Crowley's book is an important addition to the literature on the city of Pittsburgh. Crowley has used newspaper articles, reports, and the work of other historians to flesh out a more detailed picture of some of the early redevelopment projects in Pittsburgh. His analysis of the Fifth and Forbes retail project breaks new ground, and his use of interviews of many of the important actors allows him to get past the headlines to tell a more complete story. But the book is not without flaws. Urban redevelopment is an important component of urban history, and one that has not been adequately explored. The projects Crowley chose to use as case studies makes his work uneven. Why are four of the five studies from the 1950s? Why include Fifth and Forbes, while skipping the almost fifty years in between? Why mix public housing projects (St. Clair and Spring Hill-City View) with urban redevelopment, when the dynamics of public housing are very different than those for commercial projects? Although displacement has always been contentious and is the primary motivation for much of the opposition to redevelopment, constructing large public housing projects to be occupied by low-income (often minority) families was contentious in the 1950s even when the projects were being built on vacant land.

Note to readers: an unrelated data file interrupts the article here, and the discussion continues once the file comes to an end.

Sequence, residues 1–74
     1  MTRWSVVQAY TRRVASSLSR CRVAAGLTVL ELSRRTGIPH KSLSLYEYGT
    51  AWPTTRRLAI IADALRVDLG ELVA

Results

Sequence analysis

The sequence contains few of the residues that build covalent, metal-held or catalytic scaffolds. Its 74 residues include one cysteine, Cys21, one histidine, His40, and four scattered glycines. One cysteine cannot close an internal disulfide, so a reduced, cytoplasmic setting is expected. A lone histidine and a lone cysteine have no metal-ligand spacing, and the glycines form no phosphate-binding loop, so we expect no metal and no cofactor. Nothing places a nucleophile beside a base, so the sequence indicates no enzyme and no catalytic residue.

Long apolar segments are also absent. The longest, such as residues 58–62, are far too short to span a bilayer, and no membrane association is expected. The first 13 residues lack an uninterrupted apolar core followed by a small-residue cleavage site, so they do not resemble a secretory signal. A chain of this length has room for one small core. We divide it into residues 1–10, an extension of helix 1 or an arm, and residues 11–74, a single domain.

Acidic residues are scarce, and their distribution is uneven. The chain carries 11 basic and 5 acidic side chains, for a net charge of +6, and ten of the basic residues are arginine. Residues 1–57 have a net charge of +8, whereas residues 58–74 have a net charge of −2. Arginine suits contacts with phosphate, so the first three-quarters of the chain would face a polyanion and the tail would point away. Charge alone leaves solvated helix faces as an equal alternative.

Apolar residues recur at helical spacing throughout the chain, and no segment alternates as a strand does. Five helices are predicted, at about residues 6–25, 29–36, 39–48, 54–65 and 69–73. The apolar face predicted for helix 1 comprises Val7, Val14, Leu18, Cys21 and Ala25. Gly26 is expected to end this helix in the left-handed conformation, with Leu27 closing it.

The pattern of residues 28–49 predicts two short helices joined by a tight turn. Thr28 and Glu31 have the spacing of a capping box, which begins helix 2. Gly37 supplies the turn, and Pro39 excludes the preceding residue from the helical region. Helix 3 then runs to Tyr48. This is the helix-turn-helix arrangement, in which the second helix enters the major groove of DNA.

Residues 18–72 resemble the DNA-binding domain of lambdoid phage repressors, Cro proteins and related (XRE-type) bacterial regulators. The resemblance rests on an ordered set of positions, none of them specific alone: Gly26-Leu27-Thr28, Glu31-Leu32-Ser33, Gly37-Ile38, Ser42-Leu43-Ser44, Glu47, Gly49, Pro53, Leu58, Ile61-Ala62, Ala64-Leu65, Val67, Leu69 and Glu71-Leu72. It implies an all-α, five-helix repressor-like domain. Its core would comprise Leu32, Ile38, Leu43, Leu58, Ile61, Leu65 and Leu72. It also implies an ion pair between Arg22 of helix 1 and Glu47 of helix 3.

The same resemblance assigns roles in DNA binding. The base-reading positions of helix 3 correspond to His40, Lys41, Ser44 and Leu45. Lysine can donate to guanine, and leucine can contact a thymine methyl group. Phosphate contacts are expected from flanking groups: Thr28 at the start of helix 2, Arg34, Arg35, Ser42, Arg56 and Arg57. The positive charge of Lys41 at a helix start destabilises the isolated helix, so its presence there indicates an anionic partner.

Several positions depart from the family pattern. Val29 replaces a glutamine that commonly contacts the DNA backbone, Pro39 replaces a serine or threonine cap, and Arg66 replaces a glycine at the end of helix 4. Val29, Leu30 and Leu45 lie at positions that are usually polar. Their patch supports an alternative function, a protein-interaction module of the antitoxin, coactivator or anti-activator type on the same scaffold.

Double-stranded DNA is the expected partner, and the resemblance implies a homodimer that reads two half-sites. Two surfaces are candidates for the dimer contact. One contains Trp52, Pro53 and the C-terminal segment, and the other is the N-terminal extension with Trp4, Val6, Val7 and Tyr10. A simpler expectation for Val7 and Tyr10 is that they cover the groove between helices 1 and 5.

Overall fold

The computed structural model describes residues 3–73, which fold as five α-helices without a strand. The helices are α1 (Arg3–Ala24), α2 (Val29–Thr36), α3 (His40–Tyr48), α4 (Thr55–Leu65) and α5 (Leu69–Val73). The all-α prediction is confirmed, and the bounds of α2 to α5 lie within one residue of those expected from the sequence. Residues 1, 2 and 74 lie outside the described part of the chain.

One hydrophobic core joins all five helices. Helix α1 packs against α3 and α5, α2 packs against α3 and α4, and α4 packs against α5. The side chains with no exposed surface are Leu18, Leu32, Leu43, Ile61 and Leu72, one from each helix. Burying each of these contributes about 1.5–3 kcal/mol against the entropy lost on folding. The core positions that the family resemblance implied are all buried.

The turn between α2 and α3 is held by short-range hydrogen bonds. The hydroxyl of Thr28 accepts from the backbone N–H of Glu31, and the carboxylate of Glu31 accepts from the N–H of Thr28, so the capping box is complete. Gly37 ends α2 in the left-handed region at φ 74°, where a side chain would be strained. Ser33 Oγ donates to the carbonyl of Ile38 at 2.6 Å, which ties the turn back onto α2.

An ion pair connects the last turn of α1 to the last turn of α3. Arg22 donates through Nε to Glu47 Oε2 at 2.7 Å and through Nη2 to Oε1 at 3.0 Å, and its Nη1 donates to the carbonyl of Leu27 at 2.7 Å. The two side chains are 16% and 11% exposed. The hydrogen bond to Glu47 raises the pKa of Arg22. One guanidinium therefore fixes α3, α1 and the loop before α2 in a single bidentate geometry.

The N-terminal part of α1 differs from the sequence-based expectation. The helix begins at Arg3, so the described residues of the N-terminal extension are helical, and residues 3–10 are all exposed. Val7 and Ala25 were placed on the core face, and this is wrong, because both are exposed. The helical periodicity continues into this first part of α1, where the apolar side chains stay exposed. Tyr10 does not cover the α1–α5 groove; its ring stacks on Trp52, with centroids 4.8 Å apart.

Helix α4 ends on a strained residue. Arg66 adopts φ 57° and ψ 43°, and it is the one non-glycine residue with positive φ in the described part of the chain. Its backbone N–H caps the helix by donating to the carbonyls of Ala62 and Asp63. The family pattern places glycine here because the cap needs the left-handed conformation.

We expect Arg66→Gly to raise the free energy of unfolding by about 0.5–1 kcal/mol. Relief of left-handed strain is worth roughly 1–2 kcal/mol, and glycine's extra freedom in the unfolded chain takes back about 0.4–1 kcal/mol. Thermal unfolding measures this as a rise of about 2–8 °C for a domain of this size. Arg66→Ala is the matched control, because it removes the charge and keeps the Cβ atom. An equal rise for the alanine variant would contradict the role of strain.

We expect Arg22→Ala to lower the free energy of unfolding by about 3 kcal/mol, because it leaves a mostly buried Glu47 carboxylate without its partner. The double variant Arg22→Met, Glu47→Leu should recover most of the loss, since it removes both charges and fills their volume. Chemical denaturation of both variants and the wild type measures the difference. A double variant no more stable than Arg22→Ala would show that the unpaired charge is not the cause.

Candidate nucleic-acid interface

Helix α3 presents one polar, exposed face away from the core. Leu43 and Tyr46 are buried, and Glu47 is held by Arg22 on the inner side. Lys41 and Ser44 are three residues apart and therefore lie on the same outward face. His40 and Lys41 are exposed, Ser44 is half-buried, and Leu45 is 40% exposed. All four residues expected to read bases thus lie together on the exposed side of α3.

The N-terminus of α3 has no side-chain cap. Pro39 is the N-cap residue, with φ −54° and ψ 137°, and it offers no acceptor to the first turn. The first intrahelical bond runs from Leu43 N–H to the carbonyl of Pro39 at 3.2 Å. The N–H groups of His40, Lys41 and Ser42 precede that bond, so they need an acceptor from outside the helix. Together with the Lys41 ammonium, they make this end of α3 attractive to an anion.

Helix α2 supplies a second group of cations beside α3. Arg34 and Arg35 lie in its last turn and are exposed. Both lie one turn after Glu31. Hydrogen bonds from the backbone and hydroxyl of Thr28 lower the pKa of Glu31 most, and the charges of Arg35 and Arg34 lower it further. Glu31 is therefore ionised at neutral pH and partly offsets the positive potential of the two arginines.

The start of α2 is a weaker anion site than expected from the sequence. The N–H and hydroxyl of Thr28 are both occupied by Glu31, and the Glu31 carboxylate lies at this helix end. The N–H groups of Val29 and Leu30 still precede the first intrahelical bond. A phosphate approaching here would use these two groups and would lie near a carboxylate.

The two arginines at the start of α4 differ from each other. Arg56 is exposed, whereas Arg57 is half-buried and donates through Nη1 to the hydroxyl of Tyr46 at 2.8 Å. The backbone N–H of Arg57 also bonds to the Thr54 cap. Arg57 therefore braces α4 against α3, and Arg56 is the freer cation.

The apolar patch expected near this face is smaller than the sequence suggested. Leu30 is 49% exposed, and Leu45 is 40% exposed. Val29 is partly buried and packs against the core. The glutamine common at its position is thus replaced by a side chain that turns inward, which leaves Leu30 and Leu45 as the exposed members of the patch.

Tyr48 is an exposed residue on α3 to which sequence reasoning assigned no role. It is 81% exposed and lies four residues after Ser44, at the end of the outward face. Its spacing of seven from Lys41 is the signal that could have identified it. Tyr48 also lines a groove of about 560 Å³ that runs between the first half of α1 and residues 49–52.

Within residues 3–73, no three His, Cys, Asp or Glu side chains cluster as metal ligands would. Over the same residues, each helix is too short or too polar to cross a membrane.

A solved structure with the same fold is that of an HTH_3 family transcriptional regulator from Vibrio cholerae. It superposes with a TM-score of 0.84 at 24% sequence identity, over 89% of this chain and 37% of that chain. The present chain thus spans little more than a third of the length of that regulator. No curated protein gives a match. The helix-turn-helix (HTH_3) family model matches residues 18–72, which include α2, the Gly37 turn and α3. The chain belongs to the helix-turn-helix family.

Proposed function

Crowley documents that urban redevelopment evolved from a "top-down" program to one in which the community increasingly had a role. Although his primary concern is how community opposition used existing political structures to attempt to alter the projects of "the regime," he has failed to place the changes in the redevelopment process in the broader context of an evolution of programs from the New Deal-type approach that typified early programs (experts deciding how to use federal funds for large projects) to an approach in which local actors had more of a voice, initiated by Johnson's efforts to include neighborhood residents in the decision-making process. The idea of local control was pushed even farther by first the Nixon administration and finally President Reagan who wanted to get the federal government to get out of such projects altogether, which would leave them to either local governments or, as Reagan preferred, the private market. These changes at the federal level affected redevelopment projects at the local level, since the government provided key elements of funding. Although the earliest redevelopment projects in Pittsburgh (the Gateway Center) used little federal money because it was not yet available, most redevelopment projects used large federal grants to make their projects feasible. But by the 1990s, the federal government was not providing that type of funding; Pittsburgh Mayor Tom Murphy and other proponents of using eminent domain to rebuild urban areas had to put together much more complicated deals, with much less federal funding, to make the deals work. While Crowley correctly documents the more sophisticated and organized nature of the opposition, he does not give enough weight to the importance of historical context and the evolving nature of federal support.